The Col du Turini is probably the most famous rally stage in the world, used as one of the penultimate tests in the most famous rally in the world, the Monte Carlo Rally. The test starts in one village where the road snakes up and over the Col before the steep descent down the other side to the finish in the village at the bottom. Starting off on dry, grippy asphalt the stage goes through places of black ice, snow and slush before returning to dry, grippy asphalt as the altitude drops. This is a real challenge to the drivers as grip is at a premium, speed is high and the risks are higher. Four weeks ago this is where Inverness driver, Donnie Macdonald started his 2013 rally season, watching the World Rally Championship stars master the Turini whilst he stood warm and secure in the VW Motorsport hospitality area.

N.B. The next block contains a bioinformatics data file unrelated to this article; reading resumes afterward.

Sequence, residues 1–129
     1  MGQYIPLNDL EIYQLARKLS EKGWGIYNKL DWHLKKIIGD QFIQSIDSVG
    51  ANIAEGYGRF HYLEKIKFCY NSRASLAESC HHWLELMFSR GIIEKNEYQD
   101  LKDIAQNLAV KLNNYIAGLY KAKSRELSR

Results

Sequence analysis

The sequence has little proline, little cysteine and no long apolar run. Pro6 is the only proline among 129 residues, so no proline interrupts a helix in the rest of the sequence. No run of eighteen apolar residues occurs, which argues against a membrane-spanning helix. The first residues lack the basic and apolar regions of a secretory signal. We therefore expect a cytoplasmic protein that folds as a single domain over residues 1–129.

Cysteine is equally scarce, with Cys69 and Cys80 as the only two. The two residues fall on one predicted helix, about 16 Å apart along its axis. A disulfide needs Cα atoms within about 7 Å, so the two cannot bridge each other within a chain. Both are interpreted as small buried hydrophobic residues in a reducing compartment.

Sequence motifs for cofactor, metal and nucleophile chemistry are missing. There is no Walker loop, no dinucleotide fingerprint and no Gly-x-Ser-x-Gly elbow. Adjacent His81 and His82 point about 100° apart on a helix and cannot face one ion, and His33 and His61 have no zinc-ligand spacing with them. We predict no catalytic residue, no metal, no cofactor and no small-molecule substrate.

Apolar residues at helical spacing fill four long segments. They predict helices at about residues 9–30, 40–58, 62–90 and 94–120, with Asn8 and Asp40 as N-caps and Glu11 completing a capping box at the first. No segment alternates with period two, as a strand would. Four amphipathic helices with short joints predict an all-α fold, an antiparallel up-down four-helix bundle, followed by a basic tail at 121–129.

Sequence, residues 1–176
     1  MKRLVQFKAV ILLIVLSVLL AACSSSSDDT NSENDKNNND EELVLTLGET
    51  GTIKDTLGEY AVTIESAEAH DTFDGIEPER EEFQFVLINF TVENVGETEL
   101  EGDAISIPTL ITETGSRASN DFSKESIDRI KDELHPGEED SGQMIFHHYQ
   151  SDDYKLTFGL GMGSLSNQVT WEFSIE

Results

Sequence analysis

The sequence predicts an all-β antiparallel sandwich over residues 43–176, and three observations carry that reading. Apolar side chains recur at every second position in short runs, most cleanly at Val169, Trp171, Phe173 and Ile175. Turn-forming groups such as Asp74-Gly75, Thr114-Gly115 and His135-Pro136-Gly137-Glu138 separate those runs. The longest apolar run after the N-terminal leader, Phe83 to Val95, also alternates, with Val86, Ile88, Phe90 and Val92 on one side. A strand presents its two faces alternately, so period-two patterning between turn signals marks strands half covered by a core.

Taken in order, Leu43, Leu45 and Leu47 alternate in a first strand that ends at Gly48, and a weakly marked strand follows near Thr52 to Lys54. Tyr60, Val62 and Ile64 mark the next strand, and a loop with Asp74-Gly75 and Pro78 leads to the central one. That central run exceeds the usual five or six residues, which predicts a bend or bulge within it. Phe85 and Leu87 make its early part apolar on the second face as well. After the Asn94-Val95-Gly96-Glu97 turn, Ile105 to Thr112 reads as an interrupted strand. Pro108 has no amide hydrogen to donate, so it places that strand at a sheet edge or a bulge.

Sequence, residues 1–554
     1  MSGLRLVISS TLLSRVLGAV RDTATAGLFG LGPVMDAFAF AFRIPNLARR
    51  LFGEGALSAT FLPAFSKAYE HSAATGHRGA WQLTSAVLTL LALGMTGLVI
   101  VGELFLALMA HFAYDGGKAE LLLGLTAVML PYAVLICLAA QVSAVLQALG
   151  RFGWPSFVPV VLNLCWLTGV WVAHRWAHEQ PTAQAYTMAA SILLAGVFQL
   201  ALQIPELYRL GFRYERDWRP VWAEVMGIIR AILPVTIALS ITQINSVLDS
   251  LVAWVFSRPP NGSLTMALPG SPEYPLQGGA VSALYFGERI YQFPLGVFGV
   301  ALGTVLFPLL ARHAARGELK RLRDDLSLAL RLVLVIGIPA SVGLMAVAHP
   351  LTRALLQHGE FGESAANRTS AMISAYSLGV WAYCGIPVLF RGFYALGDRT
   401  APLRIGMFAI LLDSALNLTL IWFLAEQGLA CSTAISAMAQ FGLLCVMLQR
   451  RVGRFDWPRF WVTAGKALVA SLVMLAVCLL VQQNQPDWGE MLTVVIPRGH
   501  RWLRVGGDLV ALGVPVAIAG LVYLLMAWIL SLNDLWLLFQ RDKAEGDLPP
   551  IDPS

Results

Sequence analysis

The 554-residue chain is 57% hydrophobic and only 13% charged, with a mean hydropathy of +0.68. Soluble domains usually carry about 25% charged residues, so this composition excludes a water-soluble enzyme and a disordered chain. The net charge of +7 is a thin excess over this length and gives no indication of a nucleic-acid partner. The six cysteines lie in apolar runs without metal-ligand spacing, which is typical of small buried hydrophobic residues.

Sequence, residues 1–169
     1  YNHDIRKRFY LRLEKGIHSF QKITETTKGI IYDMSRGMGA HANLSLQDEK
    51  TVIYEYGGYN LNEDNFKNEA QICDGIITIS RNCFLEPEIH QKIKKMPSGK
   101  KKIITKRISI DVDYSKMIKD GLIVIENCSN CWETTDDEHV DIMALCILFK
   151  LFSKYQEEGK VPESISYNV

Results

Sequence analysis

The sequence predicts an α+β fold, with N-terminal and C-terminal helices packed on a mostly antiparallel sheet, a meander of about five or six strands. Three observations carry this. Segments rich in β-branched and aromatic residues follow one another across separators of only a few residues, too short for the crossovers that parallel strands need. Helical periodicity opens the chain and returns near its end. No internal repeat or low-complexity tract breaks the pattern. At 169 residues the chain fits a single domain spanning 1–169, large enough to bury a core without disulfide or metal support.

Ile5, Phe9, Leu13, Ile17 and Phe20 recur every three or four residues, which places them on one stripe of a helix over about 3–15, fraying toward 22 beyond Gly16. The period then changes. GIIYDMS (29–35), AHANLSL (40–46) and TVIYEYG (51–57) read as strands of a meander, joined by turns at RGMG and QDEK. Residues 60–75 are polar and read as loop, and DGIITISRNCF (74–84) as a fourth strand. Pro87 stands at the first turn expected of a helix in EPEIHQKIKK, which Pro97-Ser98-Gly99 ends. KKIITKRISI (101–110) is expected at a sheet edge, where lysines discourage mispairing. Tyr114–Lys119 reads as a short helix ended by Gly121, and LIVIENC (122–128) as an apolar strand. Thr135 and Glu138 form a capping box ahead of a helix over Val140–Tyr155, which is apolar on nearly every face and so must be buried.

This weekend it is Donnie’s turn to play the rallying version of the Monte Carlo Casino roulette wheel when he tackles the Arnold Clark-Thistle Hotels Snowman Rally. The rally takes in many stages like Col du Turini; starting down at low level before climbing the equivalent of a Munro instead of a French Alp. All but the last stage are held at heights of around 600m, climbing up the steep slopes that the Forestry Commission-Scotland gravel tracks have been carved into. This means that snow and ice are a hazard that is still very possible around every corner and over every crest where the drivers have to commit to their line and to keep the highest speed.